Before he offered any words of wisdom to the Harvard Law School Class of 2018, U.S. Sen. Jeff Flake quipped that he had come to HLS to receive advice.
“I’ll soon be in the job market myself,” Flake said. The Arizona senator announced in October that, after six years in the Senate and six terms in the U.S. House of Representatives, he would not be running for reelection.
On Class Day, May 23, Flake told the Class of 2018 assembled on a sunny Holmes Field that they were entering the legal profession in a critical moment, when the branch of government he represents “is failing its constitutional obligations to counteract the power of the president.”
That has created risks, he said, for the rule of law and its fragility; exposed the vulnerability of democratic norms; called into question the independence of the justice systems; and threatened the “cherished American value” of “truth. Empirical objective truth.”
HLS graduates will be called upon to defend these values and institutions, Flake said, and may require lawyers to risk their careers in favor of their principles. “But you–and our country–will be better for it. You can go elsewhere for a job but you cannot go elsewhere for a soul.”
Flake asked graduates to consider “the miracle of the rule of law”–how it was achieved and how we are now “testing the durability of this idea that William III first had the good sense to agree to.” Democracy is in trouble, Flake said, “if the only acceptable outcome in a matter of law or justice is a result that is satisfactory to the leader.” And it’s in trouble if “the leader attacks the legitimacy of any institution that does not pay him obeisance–say the independent judiciary or the free press.”
He told graduates: “It will be the work of your generation to make sure that this degradation of democracy does not continue.”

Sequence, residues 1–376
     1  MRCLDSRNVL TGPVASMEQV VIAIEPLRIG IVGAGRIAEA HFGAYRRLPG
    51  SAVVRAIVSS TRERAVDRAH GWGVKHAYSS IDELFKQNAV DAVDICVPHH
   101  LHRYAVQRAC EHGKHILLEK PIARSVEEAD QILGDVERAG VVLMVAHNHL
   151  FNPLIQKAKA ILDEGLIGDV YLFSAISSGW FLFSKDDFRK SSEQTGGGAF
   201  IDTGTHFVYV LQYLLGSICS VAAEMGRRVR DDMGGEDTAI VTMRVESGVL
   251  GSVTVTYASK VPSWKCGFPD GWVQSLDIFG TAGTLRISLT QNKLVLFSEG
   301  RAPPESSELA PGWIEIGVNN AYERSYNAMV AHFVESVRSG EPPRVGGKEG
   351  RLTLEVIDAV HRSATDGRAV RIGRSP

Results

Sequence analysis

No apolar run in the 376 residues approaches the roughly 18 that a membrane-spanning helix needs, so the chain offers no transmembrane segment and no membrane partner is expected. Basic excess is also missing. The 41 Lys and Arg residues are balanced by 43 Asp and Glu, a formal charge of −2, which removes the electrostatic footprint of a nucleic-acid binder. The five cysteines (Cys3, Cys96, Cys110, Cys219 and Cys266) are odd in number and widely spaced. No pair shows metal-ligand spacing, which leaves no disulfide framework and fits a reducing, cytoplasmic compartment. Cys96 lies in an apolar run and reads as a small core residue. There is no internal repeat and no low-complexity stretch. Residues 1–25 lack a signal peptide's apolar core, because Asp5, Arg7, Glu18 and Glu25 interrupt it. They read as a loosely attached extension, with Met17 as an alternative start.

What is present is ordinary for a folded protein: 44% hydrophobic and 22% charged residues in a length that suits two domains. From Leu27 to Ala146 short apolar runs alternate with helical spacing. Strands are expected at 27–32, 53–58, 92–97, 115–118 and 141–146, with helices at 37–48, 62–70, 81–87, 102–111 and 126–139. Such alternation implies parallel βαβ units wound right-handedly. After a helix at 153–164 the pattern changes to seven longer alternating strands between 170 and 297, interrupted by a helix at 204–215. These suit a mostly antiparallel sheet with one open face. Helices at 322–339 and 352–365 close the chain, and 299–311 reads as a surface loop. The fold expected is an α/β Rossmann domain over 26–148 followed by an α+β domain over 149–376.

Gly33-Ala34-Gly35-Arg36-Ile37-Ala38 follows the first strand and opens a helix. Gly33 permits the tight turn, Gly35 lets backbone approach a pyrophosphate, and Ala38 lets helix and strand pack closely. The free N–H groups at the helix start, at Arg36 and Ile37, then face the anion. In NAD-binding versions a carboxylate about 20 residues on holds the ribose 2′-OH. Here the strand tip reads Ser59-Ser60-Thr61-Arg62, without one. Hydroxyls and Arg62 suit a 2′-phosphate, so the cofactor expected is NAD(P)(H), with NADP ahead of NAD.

Flake called himself a conservative Republican. Opposing the current president, he said, did not make him less of a Republican or less of a conservative. “And opposing the president and much of what he stands for it not an act of apostasy–it is rather an act of fidelity,” he said.
Compromise must be a part of lawmaking, said Flake, “because lasting solutions to the problems before us must involve both sides … I believe that our government should include people who believe as I do, just as I believe it must include people who believe as my friend Tim Kaine [’83] does, or as my friend Cory Booker does, to name but two.”
He told the graduates, “I urge all of you to challenge your assumptions, regularly. Recognize the good in your opponents. Apologize every now and then. Admit to mistakes. Forgive, and ask for forgiveness. Speak up more, for politics sometimes keeps us silent when we should speak.”
Flake challenged the class “to be able to say in the future that we faced these forces that would threaten the institutions of liberty and tear us apart and that we said: ‘No.’ ”
“That is the job before us–to get through this, and beyond it. And you’re just the ones to take us there.”